Flashcards in Tumour Pathology 4 Deck (38):
What do disorders of cell growth include?
-Normal and abnormal cell cycles
What is mitosis?
The mechanism of cellular replication and involves nuclear division plus cytokinesis
What does mitotic division generate?
Two genetically identical daughter cells
What is the cell cycle?
The time interval between mitotic divisions
What are the phases of the cell cycle?
What is tightly controlled during mitosis?
Production of cell numbers and cell types
What must a cell do to produce viable progeny?
Progress through cycle phase in the correct sequence
What must occur sequentially/
DNA synthesis and mitosis
What is ensured during quality control of cells?
-Genetic fidelity in daughter cells
-Each cell must receive a full chromosome complement
-Mutations in DNA sequence must not pass on
What are the external factors in cell cycle control?
What are the intrinsic factors in cell cycle control?
Critical checkpoints including restriction point (R)
-Prior to R, progress through G1 depends on external stimuli
-After R progression becomes autonomous
Cell cycle checkpoints: If cell size inadequate...
G1 or G2 arrest
Cell cycle checkpoints: If nutrient supply inadequate...
Cell cycle checkpoints: Essential external stimulus lacking...
Cell cycle checkpoints: If DNA is not replicated
Cell cycle checkpoints: If DNA damage is detected
G1 or G2 arrest
Cell cycle checkpoints: Chromosome mis-alignment
What are checkpoints?
A system of cyclically active and inactive enzymes
How are checkpoints activated?
Catalytic sub-unit activated by regulatory sub-unit
What are the sub-units called?
-Catalytic sub-units are called cyclin-dependent kinases (CDKs)
-Regulatory sub-units are called cyclins
-The active enzyme complex= CDK/cyclin complex
How CDKs work?
-Different CDKs and cyclins operate at sequential stages of the cycle
-Active CDK/cyclin complexes phosphorylate target proteins
-Phosphorylation results in activation/inactivation of tat substrate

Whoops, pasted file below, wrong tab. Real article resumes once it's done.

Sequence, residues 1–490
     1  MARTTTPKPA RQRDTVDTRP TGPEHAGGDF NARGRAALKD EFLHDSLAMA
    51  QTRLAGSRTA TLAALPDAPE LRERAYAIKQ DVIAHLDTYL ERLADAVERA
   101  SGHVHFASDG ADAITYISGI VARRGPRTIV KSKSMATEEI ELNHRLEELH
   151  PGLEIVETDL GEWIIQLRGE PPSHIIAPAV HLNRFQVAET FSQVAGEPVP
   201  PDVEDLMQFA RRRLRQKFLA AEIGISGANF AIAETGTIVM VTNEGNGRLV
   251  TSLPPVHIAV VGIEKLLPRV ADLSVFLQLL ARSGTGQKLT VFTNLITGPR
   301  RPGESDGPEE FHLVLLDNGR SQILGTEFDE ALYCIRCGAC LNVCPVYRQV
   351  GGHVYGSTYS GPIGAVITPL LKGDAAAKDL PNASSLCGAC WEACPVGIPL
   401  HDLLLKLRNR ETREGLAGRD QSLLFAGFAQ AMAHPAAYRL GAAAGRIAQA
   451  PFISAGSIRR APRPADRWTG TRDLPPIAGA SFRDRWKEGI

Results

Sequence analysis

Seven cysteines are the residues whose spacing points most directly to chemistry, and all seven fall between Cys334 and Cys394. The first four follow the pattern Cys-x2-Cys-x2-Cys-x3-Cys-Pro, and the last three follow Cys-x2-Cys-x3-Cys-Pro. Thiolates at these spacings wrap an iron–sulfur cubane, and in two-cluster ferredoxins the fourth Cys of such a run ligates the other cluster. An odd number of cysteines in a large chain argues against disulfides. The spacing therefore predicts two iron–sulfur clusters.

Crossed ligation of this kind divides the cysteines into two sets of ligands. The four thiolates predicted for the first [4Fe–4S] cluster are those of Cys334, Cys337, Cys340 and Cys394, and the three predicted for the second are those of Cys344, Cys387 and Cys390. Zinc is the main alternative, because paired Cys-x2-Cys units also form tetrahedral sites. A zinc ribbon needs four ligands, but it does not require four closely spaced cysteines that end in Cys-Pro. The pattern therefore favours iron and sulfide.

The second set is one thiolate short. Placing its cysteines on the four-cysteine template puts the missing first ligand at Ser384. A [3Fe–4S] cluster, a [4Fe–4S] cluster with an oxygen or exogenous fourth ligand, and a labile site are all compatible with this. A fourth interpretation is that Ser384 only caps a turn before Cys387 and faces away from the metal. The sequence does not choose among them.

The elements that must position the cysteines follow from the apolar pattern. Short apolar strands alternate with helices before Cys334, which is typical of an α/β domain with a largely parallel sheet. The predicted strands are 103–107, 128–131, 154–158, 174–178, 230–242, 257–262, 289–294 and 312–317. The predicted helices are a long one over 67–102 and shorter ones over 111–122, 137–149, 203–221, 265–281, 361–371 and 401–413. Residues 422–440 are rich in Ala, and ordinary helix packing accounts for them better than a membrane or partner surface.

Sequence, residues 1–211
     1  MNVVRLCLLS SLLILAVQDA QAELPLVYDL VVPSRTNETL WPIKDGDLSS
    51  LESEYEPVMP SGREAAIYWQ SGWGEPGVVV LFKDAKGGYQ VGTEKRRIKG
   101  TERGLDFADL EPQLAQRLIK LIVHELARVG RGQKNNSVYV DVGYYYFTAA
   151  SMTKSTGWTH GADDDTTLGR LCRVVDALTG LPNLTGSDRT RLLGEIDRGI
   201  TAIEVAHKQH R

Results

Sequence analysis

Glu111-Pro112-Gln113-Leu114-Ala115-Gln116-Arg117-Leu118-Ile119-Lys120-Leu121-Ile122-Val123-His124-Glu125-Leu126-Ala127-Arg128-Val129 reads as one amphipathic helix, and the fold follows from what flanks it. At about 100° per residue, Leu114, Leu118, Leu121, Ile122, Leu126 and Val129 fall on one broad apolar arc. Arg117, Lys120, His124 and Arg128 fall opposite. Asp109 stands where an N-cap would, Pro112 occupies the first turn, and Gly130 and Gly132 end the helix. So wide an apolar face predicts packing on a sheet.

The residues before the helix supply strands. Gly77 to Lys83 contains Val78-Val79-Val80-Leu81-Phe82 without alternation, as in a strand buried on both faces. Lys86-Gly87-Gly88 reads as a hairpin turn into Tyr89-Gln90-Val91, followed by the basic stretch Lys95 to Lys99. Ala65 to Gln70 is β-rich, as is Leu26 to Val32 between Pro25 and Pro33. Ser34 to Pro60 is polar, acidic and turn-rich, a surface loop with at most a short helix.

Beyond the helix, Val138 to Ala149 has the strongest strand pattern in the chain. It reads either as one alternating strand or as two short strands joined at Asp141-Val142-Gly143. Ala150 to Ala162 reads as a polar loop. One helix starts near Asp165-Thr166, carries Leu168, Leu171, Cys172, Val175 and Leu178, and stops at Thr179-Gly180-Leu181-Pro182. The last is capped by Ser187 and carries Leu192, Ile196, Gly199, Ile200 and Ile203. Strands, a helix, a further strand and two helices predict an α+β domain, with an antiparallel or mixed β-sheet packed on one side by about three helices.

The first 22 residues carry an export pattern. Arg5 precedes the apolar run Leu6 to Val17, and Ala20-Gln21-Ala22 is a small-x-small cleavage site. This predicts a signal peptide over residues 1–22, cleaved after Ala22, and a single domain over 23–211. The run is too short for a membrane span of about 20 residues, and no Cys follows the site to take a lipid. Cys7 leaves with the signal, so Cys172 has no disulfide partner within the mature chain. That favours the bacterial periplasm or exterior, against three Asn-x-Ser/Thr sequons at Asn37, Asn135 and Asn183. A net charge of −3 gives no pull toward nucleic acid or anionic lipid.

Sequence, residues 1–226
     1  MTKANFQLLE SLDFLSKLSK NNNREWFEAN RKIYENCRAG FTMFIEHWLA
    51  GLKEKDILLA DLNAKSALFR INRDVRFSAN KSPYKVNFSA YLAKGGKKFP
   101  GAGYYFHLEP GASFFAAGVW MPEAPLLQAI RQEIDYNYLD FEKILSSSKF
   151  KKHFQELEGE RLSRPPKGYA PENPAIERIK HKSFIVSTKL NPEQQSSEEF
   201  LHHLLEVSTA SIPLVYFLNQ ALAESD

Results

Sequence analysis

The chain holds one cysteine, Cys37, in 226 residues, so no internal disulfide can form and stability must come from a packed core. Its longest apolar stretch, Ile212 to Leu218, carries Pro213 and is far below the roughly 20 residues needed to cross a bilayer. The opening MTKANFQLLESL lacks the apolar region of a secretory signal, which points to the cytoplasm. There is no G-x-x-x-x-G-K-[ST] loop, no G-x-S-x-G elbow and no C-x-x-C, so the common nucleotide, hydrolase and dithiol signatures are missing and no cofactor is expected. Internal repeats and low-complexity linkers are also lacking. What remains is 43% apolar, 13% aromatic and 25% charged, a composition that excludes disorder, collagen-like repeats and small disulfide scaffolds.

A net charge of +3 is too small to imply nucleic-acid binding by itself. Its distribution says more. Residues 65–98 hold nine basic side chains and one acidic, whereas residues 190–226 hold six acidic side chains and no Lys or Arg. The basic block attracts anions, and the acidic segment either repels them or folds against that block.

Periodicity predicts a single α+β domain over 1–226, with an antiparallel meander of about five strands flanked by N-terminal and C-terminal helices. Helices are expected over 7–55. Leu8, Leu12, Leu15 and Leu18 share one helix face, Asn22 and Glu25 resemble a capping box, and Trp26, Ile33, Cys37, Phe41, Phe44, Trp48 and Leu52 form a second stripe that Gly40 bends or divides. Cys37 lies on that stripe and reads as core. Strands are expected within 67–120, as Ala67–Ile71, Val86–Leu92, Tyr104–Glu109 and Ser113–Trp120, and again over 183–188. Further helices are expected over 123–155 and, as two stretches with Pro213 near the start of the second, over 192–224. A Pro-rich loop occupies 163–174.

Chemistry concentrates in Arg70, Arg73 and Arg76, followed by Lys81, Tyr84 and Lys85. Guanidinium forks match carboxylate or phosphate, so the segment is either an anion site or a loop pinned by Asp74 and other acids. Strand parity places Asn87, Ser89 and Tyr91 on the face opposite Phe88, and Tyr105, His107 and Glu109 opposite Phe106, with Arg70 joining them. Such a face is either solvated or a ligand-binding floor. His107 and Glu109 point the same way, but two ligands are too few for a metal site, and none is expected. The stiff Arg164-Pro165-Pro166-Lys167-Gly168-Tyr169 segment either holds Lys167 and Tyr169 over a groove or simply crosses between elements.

-Substrates regulate events in the next cycle phase
How is CDK activity regulated?
-CDKs are constitutively expressed in an inactive form
-Cyclins accumulate and are destroyed as cycle progresses
-Regulation is exerted by CDK inhibitors (CKIs)
What examples of CKIs are there?
-INK4A family bind to CDK4 and 6 and prevent association of these CDKs with their cyclin regulatory proteins (p16INK41) (p15ink4B) (p18INK4C)(p19INK4D)
-Second family of CKIs- CIP/KIP family p21CIP1
-These inhibitor molecules bind to cyclin/CDK complexes
Describe how the retinoblastoma gene works.
-Encodes a 110 kDa phosphoprotein (pRb) expressed in almost every cell of the human body
-pRb is hypophosphorylated
-Phosphorylation increases as cells progress through the cell cycle
Active cyclin D/CDK complexes phosphorylate pRb
What is the most important target of pRb?
E2F transcription factor
How does pRb interact with E2F?
-Hypophosphorylated/active Rb inactivates E2F
-Phosphorylated inactive pRb loses affinity for E2F
-Free E2F transcription factor activates vital target genes
What is E2F?
A potent stimulator of cell cycle entry
What is carcinogenesis caused by?
Mutation of genetic material that upsets the normal balance between proliferation and apoptosis. Uncontrolled proliferation of cells leads to tumours
What will cause a cell to lose control of proliferation?
Mutations in genes regulating cell division, apoptosis and DNA repair
What happens in chemical carcinogenesis?
-Purine and pyrimidine bases in DNA are critically damaged by various oxidizing and alkylating agents
-Chemical carcinogens or their active metabolites react with DNA forming covalently bound products (DNA adducts)
-Adduct formation at particular chromosome sites causes cancer
What are critical cellular targets for radiation damage?
Purine and pyrimidine bases
What types of radiation are carcinogenic in high doses?
What is the primary defect in cancer?
Uncontrolled cell proliferation via cell cycle dysregulation
What are 2 regulatory pathways often disrupted in cancer?
-The cyclin D-pRb-E2F pathway
Where are most cancers dysregulated?
G1-S because mutation in
What is the function of p53?
-Maintains genomic integrity
What happens when p53 levels increase in damaged cells?
-Induces cell cycle arrest at G1
-Facilitates DNA repair
-If damage is severe: p53 induced apoptosis